An example of a generally rectangular container for the storage and protection of sports cards is disclosed in U.S. Pat. No. 5,147,041 to Lemieux et al. The generally rectangular container disclosed therein includes a rigid internal enclosure which is slidably insertable and completely removable from a rigid external enclosure. The external enclosure incorporates two finger grip cutouts located to the front and to either side of the external enclosure to permit grasping the internal enclosure for removal. The internal enclosure has the capacity for storing a plurality of cards and permits random access of such cards by utilizing spaced bottom rails which create a sufficient gap for the insertion of a finger or fingers to raise any specific card or a series of cards, up and out of the card stack. A front panel insert to the internal enclosure is transparent, thus permitting visibility of the first card and any sequential ordering of a stack of cards.
In U.S. Pat. No. 5,158,175 to Crawford there is disclosed a sports card sorter box/tray combination unit and card sorting method wherein the unit includes two mating half-sections which each include five card sorting bins. The sorting bins in the first section are numbered in sequence from 0 to 4 and the sorting bins in the second half-section are numbered in sequence from 5 to 9. With the tray-box unit in an open and card sorting position, the half-sections of the unit are aligned in substantially end-to-end orientation with the bins aligned in numbered sequence from 0 to 9. The card sorting bins of each half-section of the tray-box unit are opened on their upper and inner sides so that the sports cards can be easily slipped into the numbered bins, preferably such that they are stacked in a slightly tilted rearward fashion such that they will not slip out of the bins. The half-sections of the tray-box unit each bear an upper cover and handle portion which cooperate together, when the unit is closed for card carrying and storage purposes, to close the upper sides of the sorting bin and to maintain the enclosed sports cards in stored position therein. A pair of rectangular end or closure wall portions cooperate with end wall portions of the sorter tray and storage box to maintain the card storing half-sections in a closed and abutting arrangement during periods of card storage or transport. The sports card sorter box/tray combination unit is fabricated by the user from cardboard, pasteboard or sheet plastic cut-out pieces having appropriate fold lines and accompanying fabrication directions.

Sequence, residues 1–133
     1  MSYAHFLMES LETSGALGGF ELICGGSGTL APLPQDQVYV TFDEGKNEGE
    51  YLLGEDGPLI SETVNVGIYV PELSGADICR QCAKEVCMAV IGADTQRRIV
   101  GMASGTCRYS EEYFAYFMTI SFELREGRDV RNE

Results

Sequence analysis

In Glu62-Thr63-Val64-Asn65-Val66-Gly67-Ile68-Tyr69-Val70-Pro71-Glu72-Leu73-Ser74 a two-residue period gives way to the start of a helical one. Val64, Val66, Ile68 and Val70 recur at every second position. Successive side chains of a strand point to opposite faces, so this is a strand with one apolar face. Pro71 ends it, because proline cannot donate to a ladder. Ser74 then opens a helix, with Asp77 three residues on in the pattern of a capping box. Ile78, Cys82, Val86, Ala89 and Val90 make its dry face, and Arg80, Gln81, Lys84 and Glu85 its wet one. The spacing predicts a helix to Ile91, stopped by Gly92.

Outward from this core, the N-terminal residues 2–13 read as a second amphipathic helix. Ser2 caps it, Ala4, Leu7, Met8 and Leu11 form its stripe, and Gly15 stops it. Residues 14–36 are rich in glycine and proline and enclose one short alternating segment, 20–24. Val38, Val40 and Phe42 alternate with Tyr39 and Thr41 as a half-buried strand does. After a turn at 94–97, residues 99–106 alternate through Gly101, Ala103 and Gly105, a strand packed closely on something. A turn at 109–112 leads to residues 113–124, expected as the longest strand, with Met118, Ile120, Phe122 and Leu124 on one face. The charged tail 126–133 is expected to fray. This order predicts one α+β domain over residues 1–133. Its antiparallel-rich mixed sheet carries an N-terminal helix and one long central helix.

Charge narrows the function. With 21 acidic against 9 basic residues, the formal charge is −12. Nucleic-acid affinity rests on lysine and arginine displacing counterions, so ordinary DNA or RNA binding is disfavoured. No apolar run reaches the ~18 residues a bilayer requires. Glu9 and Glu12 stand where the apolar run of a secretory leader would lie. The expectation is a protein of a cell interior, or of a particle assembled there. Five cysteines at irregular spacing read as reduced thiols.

According to the present invention there is provided a sports card tray storage and organizer device comprising a housing including first and second tray sections, the first tray section being a card receiving tray section and the second tray section being a card sorting and device closing tray section, each tray section being adjacent to and hingably connected to the other by a hinge and being movable between (a) a first and second tray end-to-end position for establishing a card access and card sorting tray arrangement and (b) a device closed position with the second tray received over the first tray for establishing a card storage assembly, the first tray section having a plurality of card receiving pockets or recesses extending inwardly from an inside surface thereof and the second tray section having a generally planar surface sufficient to cover closely the plurality of card receiving pockets or recesses of the card receiving tray section when the second tray section is folded onto the first section, and latching structure for latching the two tray sections together.
Preferably, the sports card tray and storage organizer device has cooperative and symmetrical tray sections which when closed form the shape of a symbol or piece of equipment or emblem or other item associated with a particular sport and the plurality of card receiving recesses of the first card receiving tray section are arranged in a number and order corresponding to the various positions of that particular sport.
The sports card tray and storage organizer device of the present invention advantageously protects cards from bending and twisting, promotes the organization of the cards particularly with respect to positions of the sports involved, and provides a tray and storage container of a shape associated with the sport to which the cards pertain.
FIG. 1 of the drawings is a top perspective view of a preferred embodiment of the sports card tray and storage organizer device of the present invention shaped in the form of a baseball home plate and shows the tray and storage organizer in a closed position.
FIG. 2 of the drawings is an upper perspective view of the sports card tray and storage organizer device shown in FIG. 1 and shows the same in an open position where a card enclosing tray section has been opened from a card receiving tray section.
FIG. 3A and FIG. 3B of the drawings illustrates the sports card tray and storage organizer device of FIG. 1 and shows at FIG. 3A a top plan view of the device and at FIG. 3B a side plan view of the device.
FIG. 4 of the drawings is a lower perspective view of the card receiving tray section of the sports card tray and storage organizer device shown in FIG. 1.
FIG. 5 of the drawings is a top perspective view of an overlay for the card receiving tray section of the sports card tray and storage organizer device shown in FIG. 1 and shows the overlay having recess depending bosses complementary to the pockets of the card receiving tray section.